How to make the nursing profession more attractive?




The challenges in the field of care for the elderly were the subject of a care summit on monday, to which the SPD members of the upper franconian state parliament had invited to the senior citizens’ center of the arbeiterwohlfahrt (awo). Topic of the morning: can politics create a framework to make the nursing profession more attractive??
Representatives of nursing professions, facility owners and vocational schools discussed this with state parliament members inge aures, klaus adelt, susann biedefeld and christoph rabenstein. "When you open a care facility today, the main question is not how to fill it to capacity, but how and from where to recruit staff", in his keynote speech, facility manager steffen coburger states that. 1.1 million people work in the elderly care sector, significantly more than in the automotive industry (800,000). In contrast to the nursing homes, the medical service of the health insurance (MDK) has hardly any staffing problems to complain about; in this context, coburger spoke of a "job miracle, as the MDK has now increased its staff to 9000 employees. Of these, 3,000 are trained nurses, who are lacking in the care of those in need of care. The MDK is financed in equal parts by the social care insurance and the health insurance. In 2017, the MDK received a total of around 840 million euros in funding. Coburger counted the recruitment of nursing professionals, securing and training the next generation of staff, better framework conditions and an appreciation of nursing by society among the major challenges in the care of the elderly.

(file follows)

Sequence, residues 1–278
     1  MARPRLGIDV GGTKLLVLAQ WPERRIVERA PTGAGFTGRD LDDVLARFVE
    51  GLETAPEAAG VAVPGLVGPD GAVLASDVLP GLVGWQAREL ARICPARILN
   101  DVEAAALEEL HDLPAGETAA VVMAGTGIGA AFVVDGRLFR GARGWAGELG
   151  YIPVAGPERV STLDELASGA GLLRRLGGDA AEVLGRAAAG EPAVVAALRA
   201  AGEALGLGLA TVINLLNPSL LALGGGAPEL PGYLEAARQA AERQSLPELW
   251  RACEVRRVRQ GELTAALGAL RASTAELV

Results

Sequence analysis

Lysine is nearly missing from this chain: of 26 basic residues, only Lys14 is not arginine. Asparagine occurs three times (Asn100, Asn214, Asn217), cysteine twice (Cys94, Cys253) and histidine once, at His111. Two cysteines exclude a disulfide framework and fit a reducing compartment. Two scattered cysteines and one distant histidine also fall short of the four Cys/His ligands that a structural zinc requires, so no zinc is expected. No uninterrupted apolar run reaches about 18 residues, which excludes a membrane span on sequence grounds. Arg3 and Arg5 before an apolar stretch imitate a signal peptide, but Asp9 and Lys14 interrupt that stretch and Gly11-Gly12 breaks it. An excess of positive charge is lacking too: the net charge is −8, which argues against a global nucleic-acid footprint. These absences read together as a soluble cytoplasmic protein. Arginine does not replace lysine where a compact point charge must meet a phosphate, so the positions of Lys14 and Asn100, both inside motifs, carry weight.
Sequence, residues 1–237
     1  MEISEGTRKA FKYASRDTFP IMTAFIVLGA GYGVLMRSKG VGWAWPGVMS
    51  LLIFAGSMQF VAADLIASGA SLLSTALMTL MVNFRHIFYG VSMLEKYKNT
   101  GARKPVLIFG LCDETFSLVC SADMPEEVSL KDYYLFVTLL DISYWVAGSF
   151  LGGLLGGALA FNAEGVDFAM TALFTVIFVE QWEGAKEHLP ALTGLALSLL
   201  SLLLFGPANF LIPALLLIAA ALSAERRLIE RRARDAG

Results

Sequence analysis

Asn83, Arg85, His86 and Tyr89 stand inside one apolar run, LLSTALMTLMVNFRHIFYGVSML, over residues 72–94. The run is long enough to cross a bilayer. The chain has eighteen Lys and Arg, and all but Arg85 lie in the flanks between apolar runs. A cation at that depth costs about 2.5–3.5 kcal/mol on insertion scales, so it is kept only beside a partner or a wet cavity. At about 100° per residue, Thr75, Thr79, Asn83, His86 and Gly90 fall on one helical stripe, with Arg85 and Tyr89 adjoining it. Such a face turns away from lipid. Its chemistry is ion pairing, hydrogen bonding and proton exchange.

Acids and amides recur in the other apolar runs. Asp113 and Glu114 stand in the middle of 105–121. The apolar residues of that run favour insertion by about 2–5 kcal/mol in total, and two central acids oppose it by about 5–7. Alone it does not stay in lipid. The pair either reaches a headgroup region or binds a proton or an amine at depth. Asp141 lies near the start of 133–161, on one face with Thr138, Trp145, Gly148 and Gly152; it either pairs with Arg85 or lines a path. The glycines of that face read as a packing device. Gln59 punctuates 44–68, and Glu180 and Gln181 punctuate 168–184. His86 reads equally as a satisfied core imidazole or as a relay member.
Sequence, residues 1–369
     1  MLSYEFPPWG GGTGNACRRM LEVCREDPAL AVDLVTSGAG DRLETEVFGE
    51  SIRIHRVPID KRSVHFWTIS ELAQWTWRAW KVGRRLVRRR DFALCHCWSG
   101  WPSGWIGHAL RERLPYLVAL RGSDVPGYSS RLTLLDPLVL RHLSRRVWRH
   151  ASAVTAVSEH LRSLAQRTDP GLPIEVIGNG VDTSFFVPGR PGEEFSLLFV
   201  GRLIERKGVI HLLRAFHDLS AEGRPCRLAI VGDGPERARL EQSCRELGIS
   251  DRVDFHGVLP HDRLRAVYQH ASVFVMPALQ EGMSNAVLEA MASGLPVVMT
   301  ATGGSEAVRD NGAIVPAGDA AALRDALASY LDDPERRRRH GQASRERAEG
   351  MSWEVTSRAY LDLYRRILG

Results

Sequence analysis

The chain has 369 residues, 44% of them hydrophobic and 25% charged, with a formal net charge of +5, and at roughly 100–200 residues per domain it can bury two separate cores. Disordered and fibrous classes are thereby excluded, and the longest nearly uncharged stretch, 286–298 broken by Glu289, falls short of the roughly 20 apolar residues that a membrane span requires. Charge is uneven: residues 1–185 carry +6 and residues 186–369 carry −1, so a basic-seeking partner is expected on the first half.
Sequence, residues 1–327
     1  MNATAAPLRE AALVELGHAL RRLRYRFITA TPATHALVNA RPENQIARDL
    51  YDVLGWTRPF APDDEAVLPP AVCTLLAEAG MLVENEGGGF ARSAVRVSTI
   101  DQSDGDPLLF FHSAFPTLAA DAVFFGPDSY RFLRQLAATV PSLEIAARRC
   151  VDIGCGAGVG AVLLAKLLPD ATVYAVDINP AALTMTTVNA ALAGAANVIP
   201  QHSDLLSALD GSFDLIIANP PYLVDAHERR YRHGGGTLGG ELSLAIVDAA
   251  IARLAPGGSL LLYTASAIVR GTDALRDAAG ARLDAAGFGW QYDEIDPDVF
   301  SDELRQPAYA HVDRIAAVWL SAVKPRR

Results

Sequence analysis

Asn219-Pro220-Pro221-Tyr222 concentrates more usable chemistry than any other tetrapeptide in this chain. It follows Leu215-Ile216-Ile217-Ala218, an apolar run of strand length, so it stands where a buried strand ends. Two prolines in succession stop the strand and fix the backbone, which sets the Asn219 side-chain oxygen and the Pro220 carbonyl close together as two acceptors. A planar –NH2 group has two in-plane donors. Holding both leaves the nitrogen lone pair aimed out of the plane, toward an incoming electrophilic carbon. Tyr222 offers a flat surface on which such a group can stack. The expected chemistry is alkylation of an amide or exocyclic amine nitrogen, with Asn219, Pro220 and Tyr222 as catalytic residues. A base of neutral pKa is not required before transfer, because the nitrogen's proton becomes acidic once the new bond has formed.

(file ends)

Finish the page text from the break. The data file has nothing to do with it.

Align conditions

In the discussion it became clear that there are many challenges in the care of the elderly. Starting with the training of junior staff, through the area of short-term care, to the growing shortage of skilled workers. "Equal conditions for all", dagmar alfsmann from the vocational school for geriatric nursing in coburg, germany. The students of nursing care for the elderly should be remunerated in the same way as the students of nursing care for the sick.
Albrecht diller from neuenmarkt addressed the problem of short-term care. Many of the geriatric facilities no longer meet the minimum standards in terms of coarseness, and therefore could not be occupied if necessary. "A bit of flexibility would be necessary here", inge aures stated. Another topic of discussion was the control by the home supervisory authority and the MDK. "The bad reputation of the institution does not come by chance", stated a discussant. If a mistake was made, everyone would jump on the nursing staff and overlook the fact that all the other institutions were doing a good job.
The shortage of skilled workers in nursing care for the elderly was identified as a major dilemma. This problem can be solved neither by recruiting staff from outside the field nor by recruiting from abroad. Besides language barriers, cultural differences also came into play. Demographic change had been underestimated, although everyone had predicted it, noted SPD member of the state parliament christoph rabenstein. "There has to be a change in the system", is his claim. Rabenstein does not believe in pumping more money into the existing system. Recruiting nurses from abroad will not solve the problem either. "A rethinking in the heads must take place."

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